Dallas Police and DART officers trained with ALERRT out of San Marcos

Gunfire from above. A sniper, according to Dallas Police,  a frightening and deadly encounter downtown Dallas.
In San Marcos on Friday, Dr. Pete Blair with ALERRT called the event "terrible."

"When we found out that they're targeting law enforcement officers and that many law enforcement officers were killed... obviously that has a large impact on us as well.  And, you know, we don't know the names of everybody yet but there's a good chance that if we don't have a direct connection to somebody there then certainly we know somebody who worked with the officers that were killed," Blair said.

Blair is the Executive Director of Advanced Law Enforcement Rapid Response Training Center or ALERRT at Texas State University. The program started in 2002. Since then they've trained more than 85,000 law enforcement officers across the country on how to respond to active shooters.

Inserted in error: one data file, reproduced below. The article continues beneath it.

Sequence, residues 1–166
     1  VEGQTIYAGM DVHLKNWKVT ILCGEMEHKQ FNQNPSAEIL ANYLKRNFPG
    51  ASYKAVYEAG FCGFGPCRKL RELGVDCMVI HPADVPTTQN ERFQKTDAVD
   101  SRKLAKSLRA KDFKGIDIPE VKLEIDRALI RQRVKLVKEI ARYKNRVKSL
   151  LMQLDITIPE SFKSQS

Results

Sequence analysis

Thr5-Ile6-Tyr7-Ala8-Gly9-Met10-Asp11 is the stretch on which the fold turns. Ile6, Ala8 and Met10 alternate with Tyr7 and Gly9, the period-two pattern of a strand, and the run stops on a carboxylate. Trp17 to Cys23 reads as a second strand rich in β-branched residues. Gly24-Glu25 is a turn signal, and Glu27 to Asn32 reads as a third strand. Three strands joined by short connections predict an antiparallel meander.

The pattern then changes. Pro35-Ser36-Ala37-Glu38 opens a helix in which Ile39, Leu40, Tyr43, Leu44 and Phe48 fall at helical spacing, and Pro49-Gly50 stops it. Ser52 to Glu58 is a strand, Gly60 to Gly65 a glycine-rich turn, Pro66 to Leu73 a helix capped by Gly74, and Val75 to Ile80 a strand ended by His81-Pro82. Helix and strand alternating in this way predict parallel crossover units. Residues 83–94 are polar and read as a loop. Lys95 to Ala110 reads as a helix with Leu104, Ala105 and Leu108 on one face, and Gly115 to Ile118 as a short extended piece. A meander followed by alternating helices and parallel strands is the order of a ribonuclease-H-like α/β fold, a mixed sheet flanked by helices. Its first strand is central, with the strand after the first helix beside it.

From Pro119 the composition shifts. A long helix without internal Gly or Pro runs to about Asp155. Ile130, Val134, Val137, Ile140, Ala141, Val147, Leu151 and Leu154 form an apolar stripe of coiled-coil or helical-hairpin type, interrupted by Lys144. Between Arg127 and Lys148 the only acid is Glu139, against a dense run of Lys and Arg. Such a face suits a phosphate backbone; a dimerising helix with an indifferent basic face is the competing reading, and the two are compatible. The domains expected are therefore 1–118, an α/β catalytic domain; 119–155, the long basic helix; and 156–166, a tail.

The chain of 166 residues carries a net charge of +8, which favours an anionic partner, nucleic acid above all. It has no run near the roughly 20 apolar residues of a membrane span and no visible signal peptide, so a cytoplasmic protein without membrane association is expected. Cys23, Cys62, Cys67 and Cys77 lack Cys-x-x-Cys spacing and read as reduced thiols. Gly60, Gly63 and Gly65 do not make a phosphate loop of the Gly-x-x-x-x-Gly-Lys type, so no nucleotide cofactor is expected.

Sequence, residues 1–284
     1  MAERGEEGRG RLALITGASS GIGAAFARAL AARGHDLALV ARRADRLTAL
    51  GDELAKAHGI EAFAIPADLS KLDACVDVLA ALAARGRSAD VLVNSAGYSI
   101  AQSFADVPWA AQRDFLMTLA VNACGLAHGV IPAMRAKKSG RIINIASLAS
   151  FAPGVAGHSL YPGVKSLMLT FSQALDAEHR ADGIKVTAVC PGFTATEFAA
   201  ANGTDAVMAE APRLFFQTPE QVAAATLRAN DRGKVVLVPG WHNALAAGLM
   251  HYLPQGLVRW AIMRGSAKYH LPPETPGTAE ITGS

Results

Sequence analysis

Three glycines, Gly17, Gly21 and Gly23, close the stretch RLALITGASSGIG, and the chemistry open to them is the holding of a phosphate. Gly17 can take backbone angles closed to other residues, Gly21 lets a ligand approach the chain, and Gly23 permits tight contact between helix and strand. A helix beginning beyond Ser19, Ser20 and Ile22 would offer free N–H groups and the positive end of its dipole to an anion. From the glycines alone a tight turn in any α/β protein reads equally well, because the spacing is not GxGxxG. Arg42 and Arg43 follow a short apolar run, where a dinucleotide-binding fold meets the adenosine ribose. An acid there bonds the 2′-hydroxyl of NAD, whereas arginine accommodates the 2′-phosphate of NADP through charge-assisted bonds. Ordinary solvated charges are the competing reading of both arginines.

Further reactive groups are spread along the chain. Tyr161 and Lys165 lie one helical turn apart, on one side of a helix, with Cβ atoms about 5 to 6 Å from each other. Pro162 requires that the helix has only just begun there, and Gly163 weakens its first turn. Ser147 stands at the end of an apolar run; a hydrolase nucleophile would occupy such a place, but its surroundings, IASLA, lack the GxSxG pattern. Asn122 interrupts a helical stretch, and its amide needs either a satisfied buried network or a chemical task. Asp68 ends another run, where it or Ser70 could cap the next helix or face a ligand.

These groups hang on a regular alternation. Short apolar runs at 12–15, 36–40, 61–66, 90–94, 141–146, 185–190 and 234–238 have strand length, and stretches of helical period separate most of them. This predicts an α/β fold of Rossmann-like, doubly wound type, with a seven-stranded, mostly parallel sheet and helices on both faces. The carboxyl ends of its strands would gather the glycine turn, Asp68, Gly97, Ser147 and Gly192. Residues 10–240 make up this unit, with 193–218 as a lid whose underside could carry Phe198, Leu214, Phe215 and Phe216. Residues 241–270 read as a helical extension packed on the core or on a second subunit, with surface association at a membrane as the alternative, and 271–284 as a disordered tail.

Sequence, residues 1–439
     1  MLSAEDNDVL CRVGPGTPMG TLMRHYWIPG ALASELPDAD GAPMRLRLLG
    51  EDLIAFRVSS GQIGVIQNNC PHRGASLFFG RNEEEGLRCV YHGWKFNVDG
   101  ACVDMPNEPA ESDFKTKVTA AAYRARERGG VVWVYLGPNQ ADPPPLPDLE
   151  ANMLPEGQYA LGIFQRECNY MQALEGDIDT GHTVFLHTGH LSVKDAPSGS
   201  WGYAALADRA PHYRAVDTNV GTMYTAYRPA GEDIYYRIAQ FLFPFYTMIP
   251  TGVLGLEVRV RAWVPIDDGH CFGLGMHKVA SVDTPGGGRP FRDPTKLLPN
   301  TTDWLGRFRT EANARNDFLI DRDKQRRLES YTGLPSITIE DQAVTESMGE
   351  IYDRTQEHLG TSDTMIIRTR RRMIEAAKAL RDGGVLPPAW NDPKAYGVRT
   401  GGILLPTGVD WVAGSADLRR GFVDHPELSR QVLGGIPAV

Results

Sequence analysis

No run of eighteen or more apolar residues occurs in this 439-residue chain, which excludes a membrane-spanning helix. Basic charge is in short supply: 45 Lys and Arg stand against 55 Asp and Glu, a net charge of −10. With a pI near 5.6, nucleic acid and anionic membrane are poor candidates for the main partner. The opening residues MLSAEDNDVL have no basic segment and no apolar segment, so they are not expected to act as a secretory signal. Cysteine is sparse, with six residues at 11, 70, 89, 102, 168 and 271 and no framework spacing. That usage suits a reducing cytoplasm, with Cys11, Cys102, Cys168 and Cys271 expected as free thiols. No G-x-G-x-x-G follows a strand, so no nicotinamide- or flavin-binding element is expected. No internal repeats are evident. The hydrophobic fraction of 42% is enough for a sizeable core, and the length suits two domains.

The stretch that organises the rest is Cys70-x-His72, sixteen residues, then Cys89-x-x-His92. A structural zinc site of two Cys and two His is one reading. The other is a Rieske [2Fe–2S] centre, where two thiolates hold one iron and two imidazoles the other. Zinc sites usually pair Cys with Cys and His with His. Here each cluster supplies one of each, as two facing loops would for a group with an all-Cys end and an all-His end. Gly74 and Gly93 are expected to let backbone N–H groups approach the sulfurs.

Blair says it's too soon after the event to really analyze everything that happened...

"From what we've seen so far it looks like they did what they were trained to do which is...their first priority is to go stop the killing, to go to that shooter, to go to the sounds of gunfire and try to isolate, distract or neutralize the attacker," Blair said.

Both Dallas P.D. and DART Police have gone through some ALERRT training according to Blair.

"People need to train for these events because they are rare events, they don't experience them every day, they're highly critical and the way to prepare for them is to do training," Blair said.

Hours after the initial ambush, one tactic that took many by surprise using what the Dallas Police Chief referred to as a "bomb."

"We cornered one suspect and we tried to negotiate for several hours.  Negotiations broke down, we had an exchange of fire with the suspect.  We saw no other option than to use our bomb robot and place a device on its extension for it to detonate where the suspect was," said DPD Chief David Brown.
Dr. Blair says that tactic and any other robotics aren't part of ALERRT.  He believes the "bomb" was actually a breaching charge that SWAT teams use to get through doors.
Blair says with each active shooter situation, ALERRT looks back at the lessons learned.

"Certainly an event like this that appears to be multiple attackers and an ambush-style opening because of the attack targeted at police, I'm sure that there are lessons that we'll learn from this event that we can integrate into our training," Blair said.